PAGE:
Stomps Final Performance In New York In January!

Stomps Final Performance: This week, the clatter of trash can lids, the thud of boot heels, and the swish of brooms that have been a part of New York’s downtown performing arts scene for almost 30 years will stop. Sunday is the last day to see it.

Richard Frankel, co-producer and general manager of STOMP, said, “Twenty-nine years is a long time to keep a show going.” “Most of our audience were foreign tourists, and most haven’t returned to New York since COVID. It has been hard. We just aren’t selling enough tickets.”

But that doesn’t mean that STOMP will stop. During its run, it has become a worldwide hit and has been seen in 45 countries. Its performers have been on Sesame Street and at the Olympics in 2012. The Simpsons made fun of it.

It has also given rise to several businesses, sometimes as many as six at once. Even though the long-running London production of STOMP ended in 2018, the producers said that the North American and European tours are still doing well and will keep going for a while. Steve McNicholas, who helped start STOMP, said, “We just had a five-week run in Paris that was sold out.”

From The Streets To The Fringe

Stomps Final Performance
Stomps Final Performance

Image Source: Smithsonianmag

STOMP, which has no words, has its roots in the street-performance scene of the 1980s in the United Kingdom. McNicholas and co-creator Luke Cresswell used their bodies and everyday objects to show how powerful rhythm is.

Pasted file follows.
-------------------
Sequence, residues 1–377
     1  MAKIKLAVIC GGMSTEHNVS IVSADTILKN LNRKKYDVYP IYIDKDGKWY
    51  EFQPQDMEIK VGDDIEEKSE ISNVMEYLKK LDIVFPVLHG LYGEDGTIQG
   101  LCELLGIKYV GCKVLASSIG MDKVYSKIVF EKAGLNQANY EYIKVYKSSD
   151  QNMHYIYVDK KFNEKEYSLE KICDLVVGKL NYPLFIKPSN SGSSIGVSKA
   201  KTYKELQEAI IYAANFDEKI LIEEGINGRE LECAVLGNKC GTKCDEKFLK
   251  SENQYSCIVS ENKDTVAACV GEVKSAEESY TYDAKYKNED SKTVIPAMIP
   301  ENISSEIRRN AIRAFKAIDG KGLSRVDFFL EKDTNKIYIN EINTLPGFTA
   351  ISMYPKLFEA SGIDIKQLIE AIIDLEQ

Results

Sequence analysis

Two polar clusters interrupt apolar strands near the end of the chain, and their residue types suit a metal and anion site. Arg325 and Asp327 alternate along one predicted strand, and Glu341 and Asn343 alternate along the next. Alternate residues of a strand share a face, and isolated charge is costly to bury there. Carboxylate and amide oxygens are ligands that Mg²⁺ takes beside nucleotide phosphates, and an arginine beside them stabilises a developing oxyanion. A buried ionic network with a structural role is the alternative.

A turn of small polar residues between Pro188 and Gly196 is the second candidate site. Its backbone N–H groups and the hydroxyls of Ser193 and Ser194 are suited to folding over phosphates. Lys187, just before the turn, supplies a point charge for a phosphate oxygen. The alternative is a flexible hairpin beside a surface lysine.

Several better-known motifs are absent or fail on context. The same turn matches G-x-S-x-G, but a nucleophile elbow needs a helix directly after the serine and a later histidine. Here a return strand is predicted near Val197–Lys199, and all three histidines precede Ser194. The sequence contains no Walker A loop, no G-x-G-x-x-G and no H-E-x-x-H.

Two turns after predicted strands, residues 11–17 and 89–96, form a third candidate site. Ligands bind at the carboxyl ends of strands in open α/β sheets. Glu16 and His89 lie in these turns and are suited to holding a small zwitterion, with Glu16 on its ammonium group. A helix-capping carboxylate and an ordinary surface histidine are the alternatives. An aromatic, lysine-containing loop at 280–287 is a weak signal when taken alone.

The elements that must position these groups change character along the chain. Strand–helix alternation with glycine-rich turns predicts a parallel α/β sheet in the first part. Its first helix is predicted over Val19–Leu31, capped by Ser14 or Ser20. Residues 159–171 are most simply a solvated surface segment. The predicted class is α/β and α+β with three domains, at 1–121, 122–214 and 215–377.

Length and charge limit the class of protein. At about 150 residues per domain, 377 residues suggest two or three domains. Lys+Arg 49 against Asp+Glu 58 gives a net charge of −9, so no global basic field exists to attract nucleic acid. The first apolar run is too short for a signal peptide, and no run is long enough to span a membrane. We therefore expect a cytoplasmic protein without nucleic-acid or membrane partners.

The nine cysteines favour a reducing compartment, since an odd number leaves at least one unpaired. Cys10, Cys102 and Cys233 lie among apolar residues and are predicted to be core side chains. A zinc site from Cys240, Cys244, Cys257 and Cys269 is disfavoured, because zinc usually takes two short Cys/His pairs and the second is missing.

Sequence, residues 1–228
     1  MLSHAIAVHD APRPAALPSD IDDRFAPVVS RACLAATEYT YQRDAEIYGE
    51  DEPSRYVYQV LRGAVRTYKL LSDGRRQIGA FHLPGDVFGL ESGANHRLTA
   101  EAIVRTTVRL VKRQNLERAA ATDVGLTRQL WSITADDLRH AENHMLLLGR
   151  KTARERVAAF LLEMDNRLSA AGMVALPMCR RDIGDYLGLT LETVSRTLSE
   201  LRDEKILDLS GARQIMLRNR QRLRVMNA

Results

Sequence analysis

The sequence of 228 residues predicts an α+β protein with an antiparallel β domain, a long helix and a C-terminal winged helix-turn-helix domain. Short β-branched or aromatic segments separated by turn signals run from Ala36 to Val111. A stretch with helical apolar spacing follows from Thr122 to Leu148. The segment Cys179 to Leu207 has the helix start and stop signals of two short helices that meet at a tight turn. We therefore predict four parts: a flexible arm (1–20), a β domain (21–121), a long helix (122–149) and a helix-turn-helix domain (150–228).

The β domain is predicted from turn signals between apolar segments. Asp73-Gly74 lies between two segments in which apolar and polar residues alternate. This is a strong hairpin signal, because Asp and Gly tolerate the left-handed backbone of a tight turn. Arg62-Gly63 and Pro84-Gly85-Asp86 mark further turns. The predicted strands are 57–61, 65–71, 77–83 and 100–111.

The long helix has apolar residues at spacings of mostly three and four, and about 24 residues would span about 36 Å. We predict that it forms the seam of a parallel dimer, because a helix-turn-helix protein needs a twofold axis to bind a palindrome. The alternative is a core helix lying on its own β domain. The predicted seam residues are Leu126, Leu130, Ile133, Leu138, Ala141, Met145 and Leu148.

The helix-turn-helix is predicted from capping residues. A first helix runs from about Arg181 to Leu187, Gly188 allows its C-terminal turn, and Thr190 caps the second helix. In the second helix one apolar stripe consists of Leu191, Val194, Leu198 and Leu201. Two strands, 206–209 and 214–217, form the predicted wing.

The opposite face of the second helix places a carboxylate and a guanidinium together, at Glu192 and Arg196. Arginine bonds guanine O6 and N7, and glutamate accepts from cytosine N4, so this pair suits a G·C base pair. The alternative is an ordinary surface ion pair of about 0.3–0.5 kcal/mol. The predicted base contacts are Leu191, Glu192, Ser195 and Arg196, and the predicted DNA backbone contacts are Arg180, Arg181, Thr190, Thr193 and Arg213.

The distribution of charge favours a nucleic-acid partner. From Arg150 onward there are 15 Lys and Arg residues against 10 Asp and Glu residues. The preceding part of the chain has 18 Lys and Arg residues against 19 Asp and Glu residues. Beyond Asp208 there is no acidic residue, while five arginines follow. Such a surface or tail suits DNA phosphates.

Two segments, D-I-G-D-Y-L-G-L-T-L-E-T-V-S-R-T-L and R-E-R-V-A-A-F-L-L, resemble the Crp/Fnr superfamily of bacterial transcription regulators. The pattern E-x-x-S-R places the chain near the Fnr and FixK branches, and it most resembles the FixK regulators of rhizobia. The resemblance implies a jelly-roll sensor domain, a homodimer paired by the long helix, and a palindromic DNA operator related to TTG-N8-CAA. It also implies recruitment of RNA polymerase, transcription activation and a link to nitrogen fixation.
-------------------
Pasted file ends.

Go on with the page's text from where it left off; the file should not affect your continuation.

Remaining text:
When they took their performance to the Edinburgh Fringe Festival in 1991, it caught the attention of producers. The next stops were in Australia and Canada. When Frankel and his partners saw STOMP in Toronto two years later, they decided to bring it to the 347-seat Orpheum theatre in New York.

“STOMP is a group of people who do stuff on the street. It showed how the East Village felt in the 1990s, “said producer Frankel. McNicholas, one of STOMP’s co-founders, said that New York is the center of the STOMP universe.

Not only has the show been put on nearly 11,500 times in the city, but most of the auditions for the company have also taken place there. A company representative said that the next place where auditions for the touring company will be held has not yet been decided.

There aren’t many shows that have been on for almost 30 years, but those have become like families to the actors and crew working on them. Fiona Mills, who has worked for the company for more than 30 years, can say that.

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She has been a member of STOMP for a long time and is now the rehearsal director. She met her husband, Jason Mills, when she asked him to audition for the group in the mid-1990s. She is distraught that the New York production is ending.

She said, “It feels like someone just cut off my arm.” “Like a piece of who I am just got taken away.” Over the years, the show has gained a lot of die-hard fans, and they, too, are sad. Since the late 1990s, Bowlegged Lou, a songwriter and music producer from New York, has seen the show 225 times.

He said, “It’s been a part of New York City for so long, like the Statue of Liberty, the Empire State Building, and Central Park, but in the downtown area.” But he’s still excited to see it one last time. Sunday’s final show will be his 226th.

He said, “After that, I’ll have to go see the show when it’s on tour.” Please share this with your friends if you find it interesting. Visit for more celebrity updates and breaking news.

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